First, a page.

Sharpening For Output

In previous posts I have gone over Capture Sharpening and Creative Sharpening.  Today I am going to focus on Sharpening for output.

Sharpening for output is sharpening your digital file for its destined output device and media. The amount of sharpening can differ from device to device as well as medium to medium.
Images produced for web or screen shouldn’t need any output sharpening as they were sharpened for output when you apply capture sharpening.
Projected images possibly may need some sharpening but it shouldn’t be necessary. Output sharpening benefits printed images the most.

When you print an image ink is dropped onto the paper, which is then absorbed, runs and mixes with the other droplets of ink. This causes the image to become softer than what can be seen on the screen. There are many factors to take into consideration such as image resolution and size of the final printed image as well as the ideal viewing distance.

Print Size Diagonal Viewing Distance(1.5 x Diagonal) PPINeeded
4 x 6″ 7.21″ 11″ 313
8 x 10″ 12.81″ 19″ 181
8 x 12″ 14.42″ 22″ 156
 11 x 14″ 17.80″ 27″ 156
16 x 20″ 25.61″ 38″ (3.17′) 89
16 x 24″ 28.84″ 43″ 80
20 x 30″ 36.06″ 54″ (4.5′) 64
40 x 60″ 72.11″ 108″ (9′) 32

PPI stands for pixels per inch and is the resolution for a digital file. There are other image resolutions, follow this link to read about their relationship to each other.

Output sharpening is not about the details you can see on the screen but making sure the printed image has the same sharpness of your original vision. Similarly as with capture sharpening, once you have found settings that work for your device, you can save these settings as a preset or action to speed up your workflow.


In Photoshop you will need to experiment with the strength of the filters applied for it to match your output device and paper. This workflow works for an A4 size print on glossy paper on my HP printer at 240PPI (pixels per inch)


1)      Duplicate background layer and set opacity to 66% (this step is presuming your print file has been resized and only consists of one layer or a smart object).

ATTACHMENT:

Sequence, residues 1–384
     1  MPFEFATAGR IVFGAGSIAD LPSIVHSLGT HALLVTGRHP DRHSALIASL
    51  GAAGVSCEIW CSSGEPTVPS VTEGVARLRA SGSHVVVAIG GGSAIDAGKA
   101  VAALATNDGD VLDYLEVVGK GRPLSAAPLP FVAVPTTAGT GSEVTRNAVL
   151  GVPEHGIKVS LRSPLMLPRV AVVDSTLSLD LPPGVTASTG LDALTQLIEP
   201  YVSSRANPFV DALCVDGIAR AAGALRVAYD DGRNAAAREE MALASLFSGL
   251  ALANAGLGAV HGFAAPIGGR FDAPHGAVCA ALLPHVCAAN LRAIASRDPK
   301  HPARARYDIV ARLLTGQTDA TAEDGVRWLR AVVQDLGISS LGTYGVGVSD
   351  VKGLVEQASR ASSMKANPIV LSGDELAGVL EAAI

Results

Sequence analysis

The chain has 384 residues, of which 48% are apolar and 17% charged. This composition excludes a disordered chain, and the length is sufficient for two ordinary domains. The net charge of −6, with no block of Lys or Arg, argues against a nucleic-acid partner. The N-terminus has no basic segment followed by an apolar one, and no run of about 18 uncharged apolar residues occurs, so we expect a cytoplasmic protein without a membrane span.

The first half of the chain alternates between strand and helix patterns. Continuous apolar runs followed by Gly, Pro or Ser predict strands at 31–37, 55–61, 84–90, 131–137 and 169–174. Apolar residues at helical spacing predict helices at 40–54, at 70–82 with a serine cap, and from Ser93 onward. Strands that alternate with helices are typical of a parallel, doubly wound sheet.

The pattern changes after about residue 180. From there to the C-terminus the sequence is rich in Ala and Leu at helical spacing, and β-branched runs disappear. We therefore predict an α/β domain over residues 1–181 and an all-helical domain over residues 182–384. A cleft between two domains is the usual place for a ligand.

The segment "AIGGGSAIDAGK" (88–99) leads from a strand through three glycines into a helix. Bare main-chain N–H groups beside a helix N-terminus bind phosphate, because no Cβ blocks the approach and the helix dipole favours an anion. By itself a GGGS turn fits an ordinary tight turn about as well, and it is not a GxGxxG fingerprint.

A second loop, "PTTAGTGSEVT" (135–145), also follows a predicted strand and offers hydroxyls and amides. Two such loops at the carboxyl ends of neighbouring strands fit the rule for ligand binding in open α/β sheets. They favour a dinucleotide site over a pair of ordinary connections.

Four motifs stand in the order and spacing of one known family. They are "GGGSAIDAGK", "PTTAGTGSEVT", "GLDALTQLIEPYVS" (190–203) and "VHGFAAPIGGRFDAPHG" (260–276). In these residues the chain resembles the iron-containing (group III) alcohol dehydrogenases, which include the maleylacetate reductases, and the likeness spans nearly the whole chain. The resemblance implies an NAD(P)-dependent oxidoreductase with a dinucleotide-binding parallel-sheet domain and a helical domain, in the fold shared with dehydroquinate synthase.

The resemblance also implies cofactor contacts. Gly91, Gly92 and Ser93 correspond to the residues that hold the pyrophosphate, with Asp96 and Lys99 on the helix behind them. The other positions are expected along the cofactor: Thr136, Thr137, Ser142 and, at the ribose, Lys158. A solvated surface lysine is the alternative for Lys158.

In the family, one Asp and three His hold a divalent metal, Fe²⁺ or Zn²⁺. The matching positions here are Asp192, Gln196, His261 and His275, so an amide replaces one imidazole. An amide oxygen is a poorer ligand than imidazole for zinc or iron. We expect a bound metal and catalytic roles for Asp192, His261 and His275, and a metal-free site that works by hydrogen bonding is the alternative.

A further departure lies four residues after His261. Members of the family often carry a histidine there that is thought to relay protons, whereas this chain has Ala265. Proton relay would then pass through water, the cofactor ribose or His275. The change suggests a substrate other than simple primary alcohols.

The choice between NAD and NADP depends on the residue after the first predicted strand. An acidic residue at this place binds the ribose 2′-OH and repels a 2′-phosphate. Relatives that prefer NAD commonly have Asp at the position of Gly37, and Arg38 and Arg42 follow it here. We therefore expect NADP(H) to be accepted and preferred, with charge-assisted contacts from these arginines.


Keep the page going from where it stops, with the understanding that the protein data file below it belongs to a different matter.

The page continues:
2)      Double click duplicated layer to adjust blending options. On the bottom of this window is Blend If, keep this set to grey but change the layer highlights to 240/250 (to split the pointer hold alt and click). On, Underlying layers, change shadow setting to 10/20.


3)      Filter – Sharpen – Unsharp Mask, Amount – 320, Radius – 0.6 and Threshold – 4.

4)      Edit – Fade, 70%, Mode – Luminosity


5)      Change blending mode of the duplicated layer to Overlay and apply Filter- Other –Highpass, with a radius of 2.


6)      Zoom in at 50% to better see the potential of the sharpening and adjust the opacity to taste.

Once sharpened it is best to print the image and check that it is sharp enough. This step could be done at the same time you proof print for colours as well.


Compared to Photoshop, Lightroom is a breeze when it comes to sharpening for output. Click on print at the top to open the print module where you can set all your print settings. There are three settings in the Print Job panel;

Print Resolution – the resolution of the image that is being sent to the printer.

Print Sharpening – how much sharpening, Low, Medium and High.

Media Type – what type of paper finishing, Glossy and Matte.


This may seem a little bit too easy. This is because Jeff Schewe worked with Adobe to build this model based on his research for the optical sharpening settings for printed images. It is also based on the Pixel Genius’ Photo Kit Pro.
The options for, Print Sharpening, becomes a personal preference of the amount of sharpening you like to have in your printed image.

As with the Photoshop settings you need to print out your images to proof the settings and once you have got the best ones for your printer you can save it as a preset.


Although Picasa doesn’t technically have an output sharpening procedure, you could resharpen an image before you export it for printing. As for strength, you would need to try a some different settings and see how they work. Just like  Lightroom and Photoshop, you need to make sure you don’t create any artefacts or halos when you sharpen. When you have the right settings for your printer, you can note down these down for future use.

Output is a lot of work and it is worth it

It can be seen as a lot of work to prepare your files, but it is worth it. If you are getting your files printed by a third party, I would ask them; what are the optimal settings for Lightroom and Photoshop. You never know they may sharpen the images themselves before printing. If you sharpen your image first before sending it to be printed by a third party, you may be making  your image worse.

White Move

I hope these posts are useful and if there is a program you use that I haven’t covered yet me know, also feel free to ask any questions or just say hi in the comments section as well if you like.

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All images are the Copyright of Benjamin Rowe , ALL RIGHTS Reserved unless credited to another photographer.
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